In 1942 the movie Iron Horse opened in the little Colorado mining town of Trinidad, and movie ticket holders were offered a free ride on a miniature train that was operating behind the theater. That short ride was just the beginning of the train’s journey that would eventually take it for thousands of miles, hauling probably a couple of hundred thousand passengers on a ride that’s lasted sixty years and is still running this morning, right here in Idlewild Park. [during the warm season…]
The engine – a coal-burning, steam replica of a Pacific-class steam locomotive – was fashioned by a Trinidad ironworker to pull the four open passenger cars, each holding four adults or three dozen kids. The lash-up soon caught the eye of John and Joe Cihura, sons of Polish immigrants who followed the rails and coalmines from Pennsylvania to Colorado. They acquired the train equipment and relocated it to Walsenburg, Colorado, and set it up after the war as an attraction behind a little restaurant, selling rides at a dime a pop to the kids in the diner.
In 1949, they again moved it, this time to Vallejo, and in 1952 negotiated a contract with the City of Vallejo to operate the train – and a few kiddie cars, a merry-go-round and “airplane” rides – in Blue Rock Springs Park in Vallejo. Joe and John traveled to Virginia City in their pickup and bought some old ore cart rails that were being salvaged from the mines. The present railbed in Idlewild Park came down from the Comstock, via Vallejo. (For the train nuts, er, aficionados, like my favorite railroad expert/reader Richard C. Datin, the rail is set at live-steam gauge of 11-1/2 inches. And the loco is a 4-6-2 class; if you never saw it, it was about six feet long with a throaty brass bell, a real two-chime steam whistle, and towed a tender with coal, water and a seat for Joe. End of tech-talk.)
In 1961, the brothers moved to Reno and began negotiating for a site for their train and some rides, and zeroed in on a kiddie park in Idlewild Park. The Reno Arch Lions and the 20-30 Club shouldered the task of putting the park together, working with everyone’s old buddy Duke Lindeman from the City of Reno, toward a grand opening in 1963. (Many old-timers remember the huge lion-head drinking fountain, which was eventually replaced because the smaller tykes were afraid to put their heads inside the lion’s mouth for a gulp!)
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Our town embraced the little park and the train for a decade, the pleasant scent of coal and steam wafting around the park near the California building and the real S.P. locomotives across the river blowing their whistles as they passed the park, and Joe, the only engineer the train ever had, returning a toot for the passengers in tow. Rusty Crook frequently brought the kids from his This Is It Ranch for a ride. Disabled citizens, young and old, were always welcomed as guests. Older children who rocked in their cars found themselves booted off the train in mid-ride. (Every now and then, Joe’s daughter Carol recalls, a waif would show up without the price of a ride in his jeans. Joe would send him out into the park to find 10 scraps of paper or other junk and bring it back in return for a ticket to ride. John and Joe were the long-time ex officio custodians, guardians and champions of Idlewild Park.)
Change was coming. The US of A was coming up upon a Bicentennial celebration in 1976. In anticipation of all this gala, Joe and John began rebuilding the coal-black locomotive to replicate Southern Pacific’s Daylight streamliner locomotive that the S.P. was repainting red, white and blue to tour the nation for the Bicentennial as the “Freedom Train”. The miniature Pacific’s boiler was shrouded and the cowcatcher was removed. The loco and cars were repainted. On June 7th of 1976 Joe appeared in a Gazette photo in the paper with the rebuilt engine, and on July 4th, 1976, the new line was inaugurated.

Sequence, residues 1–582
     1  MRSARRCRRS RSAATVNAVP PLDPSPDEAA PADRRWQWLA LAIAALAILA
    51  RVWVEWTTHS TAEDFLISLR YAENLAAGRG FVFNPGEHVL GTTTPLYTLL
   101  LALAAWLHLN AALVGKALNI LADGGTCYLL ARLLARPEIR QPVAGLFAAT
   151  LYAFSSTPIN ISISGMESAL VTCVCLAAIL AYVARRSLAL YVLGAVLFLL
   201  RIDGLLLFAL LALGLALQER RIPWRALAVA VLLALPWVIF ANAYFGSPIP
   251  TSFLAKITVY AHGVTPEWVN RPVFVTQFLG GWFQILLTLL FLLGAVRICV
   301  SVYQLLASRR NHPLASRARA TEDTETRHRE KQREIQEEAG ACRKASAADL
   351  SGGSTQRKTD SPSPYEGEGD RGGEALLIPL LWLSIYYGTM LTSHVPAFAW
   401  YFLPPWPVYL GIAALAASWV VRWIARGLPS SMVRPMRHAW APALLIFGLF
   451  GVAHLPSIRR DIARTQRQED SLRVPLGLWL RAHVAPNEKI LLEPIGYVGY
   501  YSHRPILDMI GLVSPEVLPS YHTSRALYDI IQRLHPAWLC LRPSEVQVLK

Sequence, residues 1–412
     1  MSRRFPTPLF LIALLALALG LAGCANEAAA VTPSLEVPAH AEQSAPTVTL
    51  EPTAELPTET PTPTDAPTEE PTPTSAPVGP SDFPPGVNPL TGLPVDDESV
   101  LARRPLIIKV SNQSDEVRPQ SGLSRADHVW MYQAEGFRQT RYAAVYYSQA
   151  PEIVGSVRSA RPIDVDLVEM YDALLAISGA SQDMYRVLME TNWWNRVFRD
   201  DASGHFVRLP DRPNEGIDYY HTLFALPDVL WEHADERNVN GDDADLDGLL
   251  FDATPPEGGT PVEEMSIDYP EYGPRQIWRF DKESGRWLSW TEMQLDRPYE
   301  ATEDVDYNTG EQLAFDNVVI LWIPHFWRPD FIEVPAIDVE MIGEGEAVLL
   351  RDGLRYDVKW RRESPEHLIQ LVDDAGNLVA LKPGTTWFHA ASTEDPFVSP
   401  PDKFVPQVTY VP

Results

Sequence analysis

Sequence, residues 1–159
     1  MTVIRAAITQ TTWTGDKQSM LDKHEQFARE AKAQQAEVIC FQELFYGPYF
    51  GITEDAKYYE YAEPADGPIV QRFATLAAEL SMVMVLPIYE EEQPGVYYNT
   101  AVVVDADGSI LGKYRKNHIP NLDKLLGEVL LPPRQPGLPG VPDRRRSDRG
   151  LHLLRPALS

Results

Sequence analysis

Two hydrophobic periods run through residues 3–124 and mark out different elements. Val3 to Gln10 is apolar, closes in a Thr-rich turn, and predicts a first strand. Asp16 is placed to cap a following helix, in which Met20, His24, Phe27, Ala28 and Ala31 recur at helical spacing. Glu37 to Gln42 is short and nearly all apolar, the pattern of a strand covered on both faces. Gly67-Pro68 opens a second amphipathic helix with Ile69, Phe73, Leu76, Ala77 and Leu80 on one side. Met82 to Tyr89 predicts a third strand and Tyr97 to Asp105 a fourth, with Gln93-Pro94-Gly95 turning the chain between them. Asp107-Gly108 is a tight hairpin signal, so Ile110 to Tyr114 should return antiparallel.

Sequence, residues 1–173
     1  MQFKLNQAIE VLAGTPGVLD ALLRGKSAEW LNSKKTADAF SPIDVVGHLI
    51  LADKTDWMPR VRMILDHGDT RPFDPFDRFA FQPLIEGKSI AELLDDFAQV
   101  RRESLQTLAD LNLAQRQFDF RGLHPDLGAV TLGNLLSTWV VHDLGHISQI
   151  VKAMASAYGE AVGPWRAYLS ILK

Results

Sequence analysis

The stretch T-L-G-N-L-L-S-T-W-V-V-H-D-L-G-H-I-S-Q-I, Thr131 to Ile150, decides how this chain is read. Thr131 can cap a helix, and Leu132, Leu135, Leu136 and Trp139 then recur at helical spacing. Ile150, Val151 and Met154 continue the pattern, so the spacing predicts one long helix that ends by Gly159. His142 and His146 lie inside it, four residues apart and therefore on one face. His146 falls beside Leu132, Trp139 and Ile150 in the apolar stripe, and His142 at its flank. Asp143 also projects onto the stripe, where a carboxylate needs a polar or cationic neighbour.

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In 1980, Joe and John sold the operation, lock, stock and barrel, to Aldo Andrietta, and took their fifth-wheeler to Alaska for three months for a well-deserved vacation. Aldo ran the park very capably until about three years ago,  when he sold it to a Sacramento-based amusement company that owns several other kiddie rides. The Cihura brothers kept the steam locomotive – it’s still in John’s garage. Aldo opted for another engine the brothers had built, this one a gasoline/propane powered replica of a 1957 General Motors passenger diesel (a steam powered loco was nifty, but firing it up and bringing it up to steam was a chore that only Joe enjoyed.)
Joe passed away in 1986, and on Arbor Day of 1987 a sequoia was planted near the train’s right-of-way in his honor. The families’ contribution to the children of all ages of our town was feted in a ceremony near the park’s railroad station, led by then-Governor Dick Bryan and -Mayor Pete Sferrazza. Joe’s wife Harriet was later memorialized with a Colorado Blue Spruce across the street by the California Building. Bronze plaques mark each tree.
The Lions Kiddie Park and the Cihura brothers’ train is a long-standing asset of our town, and this would not be a bad morning to take a couple of kids, of any age, out to enjoy it. As I wrote above, I’d welcome more info about other service clubs that contributed to the Kiddie Park, for a future follow-up column. [None came in; the clubs included did it all.]
I am grateful to my old friend and retired State Farm Insurance executive Carol Brown – (Joe Cihura’s daughter) – for her extensive input into the column, and, as always, the resources of the Nevada Historical Society and the RG-J archives.
Go ride a train today. God bless America.
© RGJ 1998
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